This HID technology is completely new area for me, and I’m not a professional programmer. Be curious, I look into “regular” touch screen (resistive – capacitive)  library free accessible on the i-net. I find over 100 variables that initialized and updated in order to keep track on a bunch of real-time parameters, that “normal” TS supplies with 10 ms time interval. Another 100’s variables are buried inside proprietary driver in the OS. It would takes a years to run a test and debug effects each of this variables on stability, smoothness,  susceptibility etc. And moreover, my invention Virtual TS – 3D would require a lot more than a 100’s….


edited: 26 Aug. 2014   Answering the question, modification to HC-SR04 module.

There is an electrical drawings, I was able to locate on-line:

And photo:                  circuits_mod

As you can see, analog 40 kHz output is taken from pin 7, LM324. Conveniently,  it’s the rightest one, close to the board edge. Module – transmitter has a jumper wire over B-E of the transistor, others 3 units may not have this wire. I find out, that unit doesn’t transmit anything till it gets a response, that may never happened for echo reflected from tiny object like a pen.  It looks like on-board uCPU is waiting a transition in poling mode.  And additional amplification stage I build with MCP6024, is similar to first stage of the LM324 (U2D), with a gain x50.  In my first try, I connect output of LM324 directly to arduino DUE analog inputs, basically its not realy safe, as voltage goes close to 3.6-3.7 V. But than introducing MCP6024 (rail-to-rail) I decrease power voltage of the OPA down to 3.3V,  not to worry about my DUE.



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Posted by on August 10, 2014 in Uncategorized


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7 responses to “Virtual touch screen (3D Ultrasonic Radar).

  1. Apprentice

    August 19, 2014 at 3:09 pm


    My mind is open!

    I have a simple question:

    If you know the frequency you are transmitting, 40KHz, and if you are only interested in detecting the position by more than one receiver (that only respond to a narrow range, natural filter), and you are not interested in the acceleration (detected by doopler effect) why do you need a FFT in this project? Why can’t this problem be made by measuring the delays of the arrival time of the signal to the different receivers?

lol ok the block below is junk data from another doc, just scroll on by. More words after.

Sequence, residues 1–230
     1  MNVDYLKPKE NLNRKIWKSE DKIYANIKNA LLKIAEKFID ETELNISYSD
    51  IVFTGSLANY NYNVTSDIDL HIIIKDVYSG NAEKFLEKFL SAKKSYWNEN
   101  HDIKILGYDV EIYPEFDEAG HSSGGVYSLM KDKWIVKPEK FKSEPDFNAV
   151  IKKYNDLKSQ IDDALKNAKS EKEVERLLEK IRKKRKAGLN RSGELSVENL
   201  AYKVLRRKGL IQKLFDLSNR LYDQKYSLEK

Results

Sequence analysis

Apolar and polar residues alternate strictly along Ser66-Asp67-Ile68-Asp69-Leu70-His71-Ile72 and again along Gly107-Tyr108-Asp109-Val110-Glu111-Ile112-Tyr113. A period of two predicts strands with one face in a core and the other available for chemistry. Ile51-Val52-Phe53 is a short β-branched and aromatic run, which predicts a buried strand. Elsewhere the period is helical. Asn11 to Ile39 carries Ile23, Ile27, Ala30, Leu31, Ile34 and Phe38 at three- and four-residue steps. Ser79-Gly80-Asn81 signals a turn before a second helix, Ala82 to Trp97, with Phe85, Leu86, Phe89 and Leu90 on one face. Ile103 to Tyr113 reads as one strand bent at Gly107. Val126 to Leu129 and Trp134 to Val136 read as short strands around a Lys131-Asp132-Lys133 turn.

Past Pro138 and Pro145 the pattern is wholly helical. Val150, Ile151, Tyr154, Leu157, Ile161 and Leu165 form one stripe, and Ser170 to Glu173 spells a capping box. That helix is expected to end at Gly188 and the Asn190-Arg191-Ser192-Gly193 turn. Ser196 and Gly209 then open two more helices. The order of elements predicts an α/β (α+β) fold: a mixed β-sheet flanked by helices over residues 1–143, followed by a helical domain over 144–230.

Best regards,
    João Carvalho

  2. magiciant

    August 19, 2014 at 7:39 pm

    Measuring TOA time of arriving, you may get precision only down to wavelength or half of it. Classic HC-SR04 and bunch of similar devices that available on a market, measures TOA, and this is why 0.4 cm error at the best it may get, because 0.85 cm /2.
    Applying FFT to analog waveform (extracted in front of on-board comparator) I’m calculating a PHASE. And phase is a key. It’s makes enormous difference compare to primitive TOA based devices, because precision is better in 360 !!! times. I mentioned in the blog 12 micrometers, that comes from 0.85 cm / 2 / 360. Using analogy to real world, its like using TOA you can define the time of arriving a bus at day time or at night. Phase (FFT) would tell you exactly hours, minutes, and seconds. 360 is not final result, simple I do integer math at this time, still at prototyping stage,
    but there is a way to relax performance and get 360.0 and consequently 3600 times improvement in precision. May be not so high due to noise limitations, but you get the idea.
    Using the FFT is CPU costly process, but it does it tricks as nothing else in this world.

  3. dovoto

    August 26, 2014 at 3:41 pm

    This is pretty slick. How did you modify the transceivers? Working on a similar project that only needs bearing (not range).

    • magiciant

      August 26, 2014 at 5:50 pm

      I replied in the topic, at the end, thinking others may have similar questions.

      • dovoto

        August 26, 2014 at 8:09 pm

        Awesome, thanks.